The 2022 Indian Chief Promises New Tech In An Old-School Package

Illustration for article titled The 2022 Indian Chief Promises New Tech In An Old-School Package
Photo: Indian Motorcycles

The Indian brand has been on a tear lately, selling bikes practically faster than Polaris can build them. Doing its best to keep behemoth Harley-Davidson honest, it’s delivering gorgeous bikes with an exceptional riding experience, good value and lots of really cool tech.

The newest member of the Indian family is a modern revival of one of its oldest model names, the Chief. In spite of the anachronistic iconography and naming convention, it looks like the Chief will be a typically great product in this market.

Available in three different styles — Chief, Super Chief and Chief Bobber — this stripped-back cruiser is right up my alley. It’s got a big air-cooled V-twin, a pair of chunky tires, vintage aesthetics and all the modern tech I want.

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Photo: Indian Motorcycles

“We wanted to capture a timeless look that never goes out of style, and looks beautiful whether naked or fully dressed,” said Ola Stenegard, lead designer for Indian Motorcycle. “We also wanted to keep it simple enough to allow riders’ imaginations to take flight with personalization options and possibilities. Ultimately, this is a bike that evokes emotion with simple mechanical styling and raw American muscle. It’s a pure riding machine.”

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Photo: Indian Motorcycles

All three styles use the Thunderstroke engine that Indian is so proud of these days. It’s mounted inside a steel tube trellis frame reminiscent of the postwar Chiefs. That nameplate dates back to 1921, and Indian is quick to announce that it is celebrating the 100th anniversary by launching this bike in 2021.

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The basic Chief’s 1920s-style mechanical simplicity is the name of the game in this bike, hiding absolutely nothing. “Power, minimalism and attitude” lead the way, according to the company. It’s a great canvas from which to build your perfect hard-edged cruiser. The Super Chief adds leather saddlebags and a windshield for long-haul cruising. And the Chief Bobber throws it back to that custom style of the 1950s with a solo bobber seat, taller hanger-style handlebars and chunkier rubber.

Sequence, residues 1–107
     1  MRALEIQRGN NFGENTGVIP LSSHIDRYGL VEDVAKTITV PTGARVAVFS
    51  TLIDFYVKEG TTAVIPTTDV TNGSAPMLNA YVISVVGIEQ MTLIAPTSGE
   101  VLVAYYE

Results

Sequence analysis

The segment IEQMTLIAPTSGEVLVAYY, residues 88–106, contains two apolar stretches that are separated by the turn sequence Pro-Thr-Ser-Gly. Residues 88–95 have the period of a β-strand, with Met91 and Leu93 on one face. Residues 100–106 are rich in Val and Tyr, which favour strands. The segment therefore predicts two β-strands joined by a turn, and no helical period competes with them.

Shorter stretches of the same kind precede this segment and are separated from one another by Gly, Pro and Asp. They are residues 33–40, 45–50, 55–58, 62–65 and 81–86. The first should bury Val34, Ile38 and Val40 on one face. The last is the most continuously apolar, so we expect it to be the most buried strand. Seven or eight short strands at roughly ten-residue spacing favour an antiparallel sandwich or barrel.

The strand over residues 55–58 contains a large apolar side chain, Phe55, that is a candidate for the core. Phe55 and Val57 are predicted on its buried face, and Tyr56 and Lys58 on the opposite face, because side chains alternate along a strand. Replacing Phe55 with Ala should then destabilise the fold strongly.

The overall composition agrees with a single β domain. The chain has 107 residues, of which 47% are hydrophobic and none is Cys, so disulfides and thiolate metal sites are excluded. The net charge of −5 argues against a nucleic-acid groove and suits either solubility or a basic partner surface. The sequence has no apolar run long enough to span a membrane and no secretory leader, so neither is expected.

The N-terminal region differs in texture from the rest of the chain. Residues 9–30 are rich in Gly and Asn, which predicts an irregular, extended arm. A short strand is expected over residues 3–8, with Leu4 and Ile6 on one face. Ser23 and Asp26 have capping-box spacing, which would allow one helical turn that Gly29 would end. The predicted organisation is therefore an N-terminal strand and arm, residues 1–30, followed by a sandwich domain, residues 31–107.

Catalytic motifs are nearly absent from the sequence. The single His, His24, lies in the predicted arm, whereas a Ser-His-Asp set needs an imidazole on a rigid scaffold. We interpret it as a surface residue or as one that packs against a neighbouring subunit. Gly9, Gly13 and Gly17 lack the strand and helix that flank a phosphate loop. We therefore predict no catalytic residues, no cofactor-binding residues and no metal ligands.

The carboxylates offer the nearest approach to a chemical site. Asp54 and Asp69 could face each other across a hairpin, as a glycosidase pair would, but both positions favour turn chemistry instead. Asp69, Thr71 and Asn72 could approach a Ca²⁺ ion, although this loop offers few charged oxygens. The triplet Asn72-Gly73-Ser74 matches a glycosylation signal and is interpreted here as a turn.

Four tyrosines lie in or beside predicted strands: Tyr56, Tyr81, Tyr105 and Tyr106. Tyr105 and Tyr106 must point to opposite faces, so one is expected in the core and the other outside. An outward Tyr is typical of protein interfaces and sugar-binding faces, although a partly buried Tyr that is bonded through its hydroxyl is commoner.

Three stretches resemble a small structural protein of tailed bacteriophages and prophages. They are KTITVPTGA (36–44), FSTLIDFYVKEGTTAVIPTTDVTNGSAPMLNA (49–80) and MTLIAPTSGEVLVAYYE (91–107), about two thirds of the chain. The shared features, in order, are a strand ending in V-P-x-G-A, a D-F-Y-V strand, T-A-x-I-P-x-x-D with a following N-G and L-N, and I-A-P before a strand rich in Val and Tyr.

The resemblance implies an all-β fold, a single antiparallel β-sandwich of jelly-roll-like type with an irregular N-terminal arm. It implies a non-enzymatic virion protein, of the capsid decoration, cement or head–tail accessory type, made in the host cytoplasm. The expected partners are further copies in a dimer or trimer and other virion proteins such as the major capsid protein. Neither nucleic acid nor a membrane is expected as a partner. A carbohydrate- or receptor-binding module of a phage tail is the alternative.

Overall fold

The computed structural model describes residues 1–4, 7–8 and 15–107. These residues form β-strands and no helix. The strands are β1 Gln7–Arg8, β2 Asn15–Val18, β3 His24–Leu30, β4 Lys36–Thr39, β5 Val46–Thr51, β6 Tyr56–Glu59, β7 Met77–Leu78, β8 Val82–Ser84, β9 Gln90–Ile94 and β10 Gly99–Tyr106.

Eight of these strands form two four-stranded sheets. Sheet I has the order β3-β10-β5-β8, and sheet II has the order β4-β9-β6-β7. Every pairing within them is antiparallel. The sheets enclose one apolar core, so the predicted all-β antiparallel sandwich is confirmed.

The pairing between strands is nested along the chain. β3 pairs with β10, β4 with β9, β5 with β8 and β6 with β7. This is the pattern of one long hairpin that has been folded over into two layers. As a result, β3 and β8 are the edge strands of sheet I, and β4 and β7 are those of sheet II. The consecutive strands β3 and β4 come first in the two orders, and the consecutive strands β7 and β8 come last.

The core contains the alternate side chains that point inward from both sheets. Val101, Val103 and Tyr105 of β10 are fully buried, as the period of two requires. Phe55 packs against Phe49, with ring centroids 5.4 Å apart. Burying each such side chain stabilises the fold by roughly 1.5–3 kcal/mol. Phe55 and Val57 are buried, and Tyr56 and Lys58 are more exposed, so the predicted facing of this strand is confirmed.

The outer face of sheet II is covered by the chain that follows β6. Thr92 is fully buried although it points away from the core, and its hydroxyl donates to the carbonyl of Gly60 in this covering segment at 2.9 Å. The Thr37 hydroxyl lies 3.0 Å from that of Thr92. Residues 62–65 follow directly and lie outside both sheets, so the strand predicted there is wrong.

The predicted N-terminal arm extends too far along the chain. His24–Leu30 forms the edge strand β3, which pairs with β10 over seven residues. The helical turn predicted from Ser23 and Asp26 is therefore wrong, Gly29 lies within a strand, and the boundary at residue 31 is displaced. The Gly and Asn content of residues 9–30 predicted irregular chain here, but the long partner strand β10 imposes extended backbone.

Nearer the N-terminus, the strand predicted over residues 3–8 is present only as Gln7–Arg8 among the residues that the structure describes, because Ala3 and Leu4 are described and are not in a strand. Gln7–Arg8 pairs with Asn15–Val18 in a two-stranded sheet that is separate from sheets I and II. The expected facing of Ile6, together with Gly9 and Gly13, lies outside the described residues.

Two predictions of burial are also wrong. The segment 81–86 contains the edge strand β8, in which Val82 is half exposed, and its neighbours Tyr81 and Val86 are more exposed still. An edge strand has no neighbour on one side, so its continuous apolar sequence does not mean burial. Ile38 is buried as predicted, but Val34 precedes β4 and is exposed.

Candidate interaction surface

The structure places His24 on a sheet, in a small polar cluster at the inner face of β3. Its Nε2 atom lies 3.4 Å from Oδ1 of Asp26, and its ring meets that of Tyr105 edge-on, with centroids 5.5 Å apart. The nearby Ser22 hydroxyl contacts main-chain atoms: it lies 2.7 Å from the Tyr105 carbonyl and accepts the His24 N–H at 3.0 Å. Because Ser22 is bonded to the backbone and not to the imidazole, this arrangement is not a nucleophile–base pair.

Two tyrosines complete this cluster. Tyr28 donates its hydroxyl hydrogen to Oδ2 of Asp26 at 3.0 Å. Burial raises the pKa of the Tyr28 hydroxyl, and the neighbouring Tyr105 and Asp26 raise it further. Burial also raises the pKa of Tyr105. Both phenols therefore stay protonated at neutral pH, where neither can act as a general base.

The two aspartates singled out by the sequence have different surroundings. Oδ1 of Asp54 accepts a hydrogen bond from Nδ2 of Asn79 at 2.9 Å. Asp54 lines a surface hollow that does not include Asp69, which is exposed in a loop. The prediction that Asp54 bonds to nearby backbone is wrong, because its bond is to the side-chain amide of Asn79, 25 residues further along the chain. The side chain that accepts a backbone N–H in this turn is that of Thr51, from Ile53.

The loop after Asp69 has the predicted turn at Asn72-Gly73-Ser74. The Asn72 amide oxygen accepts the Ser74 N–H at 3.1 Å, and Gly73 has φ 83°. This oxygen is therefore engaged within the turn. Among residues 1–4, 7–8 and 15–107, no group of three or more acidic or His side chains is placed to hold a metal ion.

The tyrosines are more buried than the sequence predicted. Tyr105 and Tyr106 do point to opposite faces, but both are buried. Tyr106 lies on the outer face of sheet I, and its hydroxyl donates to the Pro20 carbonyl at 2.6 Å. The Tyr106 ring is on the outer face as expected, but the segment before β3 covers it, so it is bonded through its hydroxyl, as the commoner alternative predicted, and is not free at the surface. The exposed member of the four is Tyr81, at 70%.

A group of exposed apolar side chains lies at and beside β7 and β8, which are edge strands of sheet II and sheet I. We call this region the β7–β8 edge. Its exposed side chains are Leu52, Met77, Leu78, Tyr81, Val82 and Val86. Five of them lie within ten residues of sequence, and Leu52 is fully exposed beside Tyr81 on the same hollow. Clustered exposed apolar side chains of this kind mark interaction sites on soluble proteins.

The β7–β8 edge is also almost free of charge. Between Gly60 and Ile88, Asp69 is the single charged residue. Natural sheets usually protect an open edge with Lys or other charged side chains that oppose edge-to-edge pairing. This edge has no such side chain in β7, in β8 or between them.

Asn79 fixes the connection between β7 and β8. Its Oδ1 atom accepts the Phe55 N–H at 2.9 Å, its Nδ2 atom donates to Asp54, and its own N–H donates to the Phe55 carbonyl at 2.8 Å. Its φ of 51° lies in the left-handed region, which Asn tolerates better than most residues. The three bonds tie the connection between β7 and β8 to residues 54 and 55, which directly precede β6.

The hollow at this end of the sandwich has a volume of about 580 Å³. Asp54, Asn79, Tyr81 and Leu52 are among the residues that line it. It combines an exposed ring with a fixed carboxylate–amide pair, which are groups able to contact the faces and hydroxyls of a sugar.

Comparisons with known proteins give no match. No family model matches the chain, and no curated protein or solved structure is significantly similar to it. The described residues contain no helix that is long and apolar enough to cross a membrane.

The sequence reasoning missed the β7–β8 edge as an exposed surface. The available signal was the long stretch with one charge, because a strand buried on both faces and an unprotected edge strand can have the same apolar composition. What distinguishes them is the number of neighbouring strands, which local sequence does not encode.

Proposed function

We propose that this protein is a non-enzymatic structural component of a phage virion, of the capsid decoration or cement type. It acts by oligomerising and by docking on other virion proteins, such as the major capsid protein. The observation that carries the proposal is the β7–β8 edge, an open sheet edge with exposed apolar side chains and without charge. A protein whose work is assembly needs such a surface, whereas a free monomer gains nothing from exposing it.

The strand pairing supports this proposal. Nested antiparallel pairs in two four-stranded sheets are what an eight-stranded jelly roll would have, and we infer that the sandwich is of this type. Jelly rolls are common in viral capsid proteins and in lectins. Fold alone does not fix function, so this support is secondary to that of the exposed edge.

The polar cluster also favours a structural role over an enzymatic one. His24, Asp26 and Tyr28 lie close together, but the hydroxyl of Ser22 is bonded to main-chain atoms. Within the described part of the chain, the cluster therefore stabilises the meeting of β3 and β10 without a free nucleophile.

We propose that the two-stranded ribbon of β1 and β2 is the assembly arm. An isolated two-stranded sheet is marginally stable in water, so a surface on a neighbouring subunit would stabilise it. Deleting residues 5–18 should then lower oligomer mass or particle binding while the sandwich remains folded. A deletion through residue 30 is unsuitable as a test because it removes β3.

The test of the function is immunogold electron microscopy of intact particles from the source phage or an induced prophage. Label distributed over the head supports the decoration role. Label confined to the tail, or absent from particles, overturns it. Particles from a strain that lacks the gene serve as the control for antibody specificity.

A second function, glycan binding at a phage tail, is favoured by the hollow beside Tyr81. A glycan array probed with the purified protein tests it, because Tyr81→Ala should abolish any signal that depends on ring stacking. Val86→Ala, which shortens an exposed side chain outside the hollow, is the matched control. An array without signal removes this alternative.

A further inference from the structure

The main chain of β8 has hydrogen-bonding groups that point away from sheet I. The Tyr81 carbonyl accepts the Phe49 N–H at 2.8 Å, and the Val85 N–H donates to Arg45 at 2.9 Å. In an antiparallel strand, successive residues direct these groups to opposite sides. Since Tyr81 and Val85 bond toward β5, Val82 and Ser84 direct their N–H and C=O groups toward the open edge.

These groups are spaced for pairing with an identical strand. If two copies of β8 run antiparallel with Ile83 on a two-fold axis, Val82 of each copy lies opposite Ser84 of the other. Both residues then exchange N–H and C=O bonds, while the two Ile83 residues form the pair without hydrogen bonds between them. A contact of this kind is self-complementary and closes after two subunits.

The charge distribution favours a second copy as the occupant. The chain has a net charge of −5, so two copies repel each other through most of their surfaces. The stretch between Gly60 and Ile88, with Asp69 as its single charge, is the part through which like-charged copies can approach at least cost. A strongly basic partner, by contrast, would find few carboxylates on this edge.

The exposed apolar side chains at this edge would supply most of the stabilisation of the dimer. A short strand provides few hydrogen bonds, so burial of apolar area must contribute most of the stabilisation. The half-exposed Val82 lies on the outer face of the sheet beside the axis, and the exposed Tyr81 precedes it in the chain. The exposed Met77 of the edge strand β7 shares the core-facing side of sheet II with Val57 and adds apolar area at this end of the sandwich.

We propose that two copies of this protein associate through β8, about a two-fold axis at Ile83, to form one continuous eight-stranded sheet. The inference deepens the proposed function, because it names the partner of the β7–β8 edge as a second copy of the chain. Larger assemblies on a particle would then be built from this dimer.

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Every Chief model comes standard with keyless ride, swappable ride modes, cruise control, rear cylinder deactivation and LED lighting. On higher trim option packages you can get this new four-inch round touch-screen display. In addition to offering multiple gauge display options, this one will allow you to run turn-by-turn navigation. It’s also Bluetooth compatible, so you can answer phone calls and control your helmet music with handlebar-mounted controls. That little screen looks pretty badass, without looking out of place, on this throwback bike.

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The three basic Chief models come standard with the Thunderstroke 111 engine, delivering 108 lb-ft of torque and around 75 horsepower. The Chief starts at $14,499, the Super Chief will run you $18,499 and the Chief Bobber is $15,999.

You can step up to a Dark Horse version of the Chief and Chief Bobber, which adds the 120 lb-ft Thunderstroke 116 engine, the digital gauge cluster and a bunch of blackout parts to rid the world of chrome. Chief Dark Horse runs $16,999 and Chief Bobber Dark Horse will cost you $18,999.

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If you’re a big chrome fanatic, you can get the Super Chief Limited with a fully chromed Thunderstroke 116, the digital gauge cluster and deep metallic paint choices for $20,999.

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The Chief and Chief Bobber are 670 pounds, while the Super Chief tips the scales at 739 pounds. With those weights and prices, the Chief is aimed pretty squarely at Harley’s Softail models. Shots fired, as they say.

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Jalopnik contributor with a love for everything sketchy and eclectic.

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i wonder how long before names ‘Indian’ and ‘Chief’ become problematic for polaris...